The authors of the study, published in the Journal of Foot and Ankle Surgery, assessed 111 heels in 76 patients who had ESWT for chronic plantar fasciitis. Seventy-three percent of the patients were active duty military. During a mean follow-up time of 42 months, the study notes the mean preoperative pain score of 7.8 on the Visual Analogue Scale had improved to 2.5. Furthermore, researchers say active duty patients reported a mean 4.8 point improvement in pain in comparison with a better improvement of 6.8 points in non-active duty patients. The authors add that 10 patients left the military because of continued foot pain.
Brian Fullem, DPM, calls ESWT “highly effective in any patient population,” noting that the American College of Foot and Ankle Surgeons recommends ESWT as a treatment of choice for plantar fasciitis with or without a plantar spur when non-operative treatment has failed.
Extracorporeal shockwave has an excellent long-term effect as it theoretically works via neovascularization with the peak effect taking place between 12 and 20 weeks, according to Dr. Fullem, a Fellow of the American Academy of Podiatric Sports Medicine, who is in private practice in Clearwater, Fla. He cites studies noting that plantar fascia thickness and bone marrow edema both decrease following ESWT treatment.
In active patients, Dr. Fullem would expect about a 70 percent success rate with ESWT for heel pain. He cites a study noting 70 percent excellent or good results in runners treated with shockwave for heel pain.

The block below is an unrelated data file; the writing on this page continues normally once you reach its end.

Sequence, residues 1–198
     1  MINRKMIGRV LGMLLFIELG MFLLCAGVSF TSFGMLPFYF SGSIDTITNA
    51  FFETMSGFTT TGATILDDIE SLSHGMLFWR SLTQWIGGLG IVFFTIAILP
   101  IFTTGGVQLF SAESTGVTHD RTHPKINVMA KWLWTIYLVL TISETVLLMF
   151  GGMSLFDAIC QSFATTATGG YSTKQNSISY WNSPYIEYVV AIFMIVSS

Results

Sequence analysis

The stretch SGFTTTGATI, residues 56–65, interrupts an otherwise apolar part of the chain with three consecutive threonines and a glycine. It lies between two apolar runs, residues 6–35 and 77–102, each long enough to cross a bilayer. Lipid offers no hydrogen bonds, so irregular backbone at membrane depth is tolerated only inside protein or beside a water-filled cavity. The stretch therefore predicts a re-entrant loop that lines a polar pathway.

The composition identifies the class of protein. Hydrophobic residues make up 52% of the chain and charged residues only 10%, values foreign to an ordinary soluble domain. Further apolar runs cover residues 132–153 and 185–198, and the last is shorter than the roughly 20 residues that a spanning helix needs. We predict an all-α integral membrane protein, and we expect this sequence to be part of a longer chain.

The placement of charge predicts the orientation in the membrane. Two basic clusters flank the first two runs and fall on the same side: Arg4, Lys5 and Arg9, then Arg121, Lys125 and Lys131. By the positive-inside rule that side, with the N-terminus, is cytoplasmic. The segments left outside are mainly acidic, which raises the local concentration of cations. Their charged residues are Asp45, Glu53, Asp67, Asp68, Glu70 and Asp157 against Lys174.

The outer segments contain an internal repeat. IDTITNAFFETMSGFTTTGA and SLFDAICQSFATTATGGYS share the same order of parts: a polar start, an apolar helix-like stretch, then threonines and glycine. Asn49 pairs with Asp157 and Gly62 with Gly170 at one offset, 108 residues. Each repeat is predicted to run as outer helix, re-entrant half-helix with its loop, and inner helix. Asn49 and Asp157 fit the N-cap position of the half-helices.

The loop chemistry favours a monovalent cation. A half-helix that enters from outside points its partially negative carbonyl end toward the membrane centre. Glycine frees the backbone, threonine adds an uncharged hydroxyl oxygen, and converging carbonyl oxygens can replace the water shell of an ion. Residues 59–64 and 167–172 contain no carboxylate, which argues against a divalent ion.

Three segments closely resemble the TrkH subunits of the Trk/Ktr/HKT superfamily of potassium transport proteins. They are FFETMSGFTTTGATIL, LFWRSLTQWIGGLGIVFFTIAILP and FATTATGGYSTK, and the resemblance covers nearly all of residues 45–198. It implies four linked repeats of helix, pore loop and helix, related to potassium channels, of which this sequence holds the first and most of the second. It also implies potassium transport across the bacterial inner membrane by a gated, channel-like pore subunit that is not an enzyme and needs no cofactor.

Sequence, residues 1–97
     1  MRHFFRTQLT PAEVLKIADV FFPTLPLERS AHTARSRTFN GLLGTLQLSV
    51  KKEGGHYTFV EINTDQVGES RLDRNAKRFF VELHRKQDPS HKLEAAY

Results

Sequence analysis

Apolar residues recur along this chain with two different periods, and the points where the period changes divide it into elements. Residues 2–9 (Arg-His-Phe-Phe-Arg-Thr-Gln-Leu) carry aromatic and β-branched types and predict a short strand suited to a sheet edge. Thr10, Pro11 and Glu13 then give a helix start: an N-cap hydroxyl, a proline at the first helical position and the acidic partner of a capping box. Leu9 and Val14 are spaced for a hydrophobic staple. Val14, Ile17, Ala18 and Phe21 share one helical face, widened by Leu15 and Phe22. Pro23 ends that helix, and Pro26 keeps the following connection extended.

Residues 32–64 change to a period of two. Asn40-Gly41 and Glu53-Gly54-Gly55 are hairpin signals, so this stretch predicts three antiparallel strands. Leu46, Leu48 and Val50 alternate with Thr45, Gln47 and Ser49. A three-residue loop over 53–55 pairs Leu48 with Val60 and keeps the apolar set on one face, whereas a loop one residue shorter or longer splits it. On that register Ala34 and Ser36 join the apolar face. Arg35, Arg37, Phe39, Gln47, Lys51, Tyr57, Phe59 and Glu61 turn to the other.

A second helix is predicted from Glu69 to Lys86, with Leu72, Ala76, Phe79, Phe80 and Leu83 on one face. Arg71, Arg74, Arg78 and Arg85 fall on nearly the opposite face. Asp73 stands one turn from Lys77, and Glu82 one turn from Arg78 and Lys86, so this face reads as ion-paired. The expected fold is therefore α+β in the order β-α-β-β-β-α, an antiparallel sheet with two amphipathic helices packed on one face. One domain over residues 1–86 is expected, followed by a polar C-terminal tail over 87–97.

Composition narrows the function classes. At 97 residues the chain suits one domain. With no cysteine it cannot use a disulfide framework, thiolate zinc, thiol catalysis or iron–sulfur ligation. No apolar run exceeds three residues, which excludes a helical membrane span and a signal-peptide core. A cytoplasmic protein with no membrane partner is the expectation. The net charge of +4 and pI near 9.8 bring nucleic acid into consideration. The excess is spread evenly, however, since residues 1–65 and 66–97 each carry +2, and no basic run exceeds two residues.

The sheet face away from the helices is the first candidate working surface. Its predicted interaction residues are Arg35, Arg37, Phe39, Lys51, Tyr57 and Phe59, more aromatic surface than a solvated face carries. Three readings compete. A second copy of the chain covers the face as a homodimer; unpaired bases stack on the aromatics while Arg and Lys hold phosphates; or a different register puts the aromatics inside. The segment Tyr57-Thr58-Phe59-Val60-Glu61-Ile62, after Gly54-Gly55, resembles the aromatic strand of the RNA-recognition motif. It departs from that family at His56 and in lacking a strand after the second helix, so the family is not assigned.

“ESWT is an extremely effective treatment and may even be more desirable in the athletic population because there are virtually no contraindications to treatment in the foot, athletes do not require any downtime post-treatment and there are essentially no serious side effects or complications from the treatment,” says Dr. Fullem. “ESWT has been proven in the medical literature to be one of the most effective treatments for plantar fasciitis.”
By Brian McCurdy, Managing Editor
The randomized multicenter trial involved 1,010 patients over the age of 65, who received either podiatry intervention (including foot and ankle strengthening exercises, foot orthoses, and new footwear) and a leaflet on fall prevention, or received standard care plus a fall prevention leaflet. The study notes the podiatry intervention group showed a small, non-statistically significant reduction in falls and had marginally higher quality-adjusted life years than those who received standard care. The U.K.-based study notes intervention costs were an average 252 pounds more per patient in comparison to those who had standard care.
Doug Richie Jr., DPM, FACFAS, says his practice uses ankle joint strengthening exercises to improve ankle joint range of motion and toe flexion strengthening exercises for elderly patients at risk of falls. He notes patients “almost universally report improved balance, stability in gait and reduced fear of falling.”
Dr. Richie’s practice also uses custom functional foot orthoses for patients at risk of falling, finding that patients report improvements in stability during standing and walking with foot orthoses. His program also uses a change of footwear to shoes associated with a reduced fall risk, a protocol that has shown “excellent improvement in stability during standing and walking,” according to Dr. Richie, an Adjunct Associate Professor within the Department of Applied Biomechanics at the California School of Podiatric Medicine at Samuel Merritt University in Oakland, Calif.
Research shows that overall, exercise programs that target strength, balance, flexibility or endurance can most effectively prevent falls in the elderly, notes Dr. Richie. He says exercising in supervised groups, participating in tai chi and carrying out individually prescribed exercise programs at home are all effective.
“Considering the life-threatening sequelae of one traumatic fall in this patient population, the cost/benefit ratio is very favorable,” says Dr. Richie.